Ontario's appeal would have rewritten decades of common law governing crown liability, says lawyer
In a recent decision, the Ontario Court of Appeal examined the scope of the new Crown Liability and Proceedings Act (CLPA), dismissing the Ontario Government’s appeal which would have eliminated the distinction between policy and operational decisions in the determination of governmental liability.
Since its enactment, there has been concern from the bar and civil society groups that the CLPA was a “complete rewrite” of around 50 years of law governing crown liability in tort, says Jonathan Lisus, who acted for the Canadian Civil Liberties Association, an intervenor in the case. The common law set a distinction between governmental policy decisions and decisions that are operational in nature. A government cannot be sued for harm produced by a policy decision, such as how to allocate budget funds. But if government is negligent in implementing that policy, that operational decision will produce government liability, he says.
“It's a very difficult distinction. The court notes that it's ‘notoriously difficult’ to identify,” says Lisus, a litigator at Lax O'Sullivan Lisus Gottlieb.
The decision in Francis v. Ontario, 2021 ONCA 197 was released March 31, and reached by Court of Appeal Justices David Doherty, Ian Nordheimer and Alison Harvison Young. Ontario had appealed an April 2020 summary judgment by Superior Court Justice Paul Perell.
The class action originated with Conrey Francis, who was held for over two years on remand, awaiting trial on charges stemming from a bank robbery. Francis suffered from serious mental illness and was ultimately acquitted. But while incarcerated he was placed in administrative segregation twice for refusing to take his medication. Perell found Francis’s experience in segregation was “excruciating,” having been in a state of extreme anxiety, delirium and shock.
In 2017, Francis commenced the class action, which was certified in September 2018 and included other inmates held in administrative segregation in Ontario jails. Perell found the province owed and had breached a duty of care to the class and Ontario’s use of administrative segregation violated the class members’ ss. 7 and 12 Charter rights. Perell ordered the province to pay the class $30 million.
On appeal, Ontario argued that even if a claim of systemic negligence can be made, the CLPA bars any such claim.
The prominent case dealing with the policy/operational distinction is the 1989 Supreme Court of Canada decision in Just v. British Columbia. In that case, a father and daughter were driving through the mountains from Vancouver to the Whistler ski resort when a rock fell and hit the car, seriously injuring them. The B.C. Government argued it had a policy of protecting the highway by using nets and inspecting for unstable boulders on the mountainside, and argued the injuries were the result of that policy. But the court rejected B.C.’s argument, finding that keeping the highway safe fell on the operational side of the coin.
Perell found the CLPA did not preclude the respondent’s claim for systemic negligence because the legislation merely “codified” the policy/operational distinction. He also found Ontario’s conduct was operational.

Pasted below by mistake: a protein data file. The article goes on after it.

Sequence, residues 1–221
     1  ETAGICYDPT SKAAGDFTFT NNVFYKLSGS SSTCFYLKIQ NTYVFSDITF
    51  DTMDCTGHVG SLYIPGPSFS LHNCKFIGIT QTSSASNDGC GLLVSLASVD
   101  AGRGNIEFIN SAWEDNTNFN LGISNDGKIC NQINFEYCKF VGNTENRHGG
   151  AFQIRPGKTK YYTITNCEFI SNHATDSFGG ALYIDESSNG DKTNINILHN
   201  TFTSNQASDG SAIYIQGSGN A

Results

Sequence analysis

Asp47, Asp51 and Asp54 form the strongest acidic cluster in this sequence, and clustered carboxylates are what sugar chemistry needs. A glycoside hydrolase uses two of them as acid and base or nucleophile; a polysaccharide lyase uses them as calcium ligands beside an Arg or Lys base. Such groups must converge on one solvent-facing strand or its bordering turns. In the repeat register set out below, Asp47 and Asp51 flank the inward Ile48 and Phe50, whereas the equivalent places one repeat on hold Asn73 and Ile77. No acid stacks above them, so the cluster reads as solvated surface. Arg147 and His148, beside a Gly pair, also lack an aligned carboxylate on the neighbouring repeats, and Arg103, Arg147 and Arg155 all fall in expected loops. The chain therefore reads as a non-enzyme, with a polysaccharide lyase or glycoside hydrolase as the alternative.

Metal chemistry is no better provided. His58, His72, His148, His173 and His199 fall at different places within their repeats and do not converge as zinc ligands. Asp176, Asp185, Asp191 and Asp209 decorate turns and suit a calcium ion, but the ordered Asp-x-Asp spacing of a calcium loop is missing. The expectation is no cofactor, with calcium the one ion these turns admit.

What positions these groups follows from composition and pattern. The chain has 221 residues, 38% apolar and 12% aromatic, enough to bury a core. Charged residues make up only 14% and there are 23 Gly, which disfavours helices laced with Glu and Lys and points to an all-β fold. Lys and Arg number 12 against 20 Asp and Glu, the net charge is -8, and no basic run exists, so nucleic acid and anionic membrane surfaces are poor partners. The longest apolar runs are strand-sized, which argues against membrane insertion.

In their appeal, Ontario argued that the CLPA both codified and clarified the existing law, including clarifying the line between a policy and operational matter. To back their interpretation, Ontario pointed to Seelster Farms v. Her Majesty the Queen and OLG, 2020 ONSC 4013. In Seelster Farms, the court found the CLPA had shifted the dichotomy from policy versus operational decisions, to policy and operational decisions versus decisions made in bad faith.
“The profession – and others – were holding their breath to see what the court did with this policy/operational distinction,” says Lisus. “Because for the most part, government decisions which cause harm, cause harm to vulnerable people. That’s the reality.”
“And that was the CCLA’s concern about this. And these prisoners are just graphic illustration of how society's most vulnerable face harmful consequences from government decisions. Another good example is people in long term care.”
In considering the proper interpretation of the CLPA the Court cited former SCC Justice Peter Cory’s comments in Just v. British Columbia: “The early governmental immunity from tortious liability became intolerable… complete Crown immunity should not be restored by having every government decision designated as one of ‘policy.’”
Ontario’s CLPA interpretation comes “perilously close” to adopting that which Cory warned against, said the Court of Appeal.
Those in charge of placing inmates in administrative segregation and deciding how long they will be there are superintendents and their staff, who are not in charge of formulating the policy governing their correctional institution, said the Court of Appeal. That policy is also not specific on what constitutes segregation, nor does it place limits on the practice or dictate how it is to be employed. So, when an inmate is harmed by a superintendent’s negligence in the application of administrative segregation, Ontario is liable – and that result is beyond the reach of “any expanded definition of policy” in the CLPA, “as we would interpret it,” said the Court of Appeal.
“That's what government accountability is all about,” says Lisus. “That's what a democratic society that's governed by the rule of law is all about. If a government causes harm in implementing its policy decisions, it can be called to account by the court and the court will examine the facts and make a call whether or not the harm was caused by a pure policy decision, or whether the harm was caused by an operational decision implementing that policy.”
“And in this case, they concluded that the harm was caused by the superintendents implementing a policy of administrative segregation.”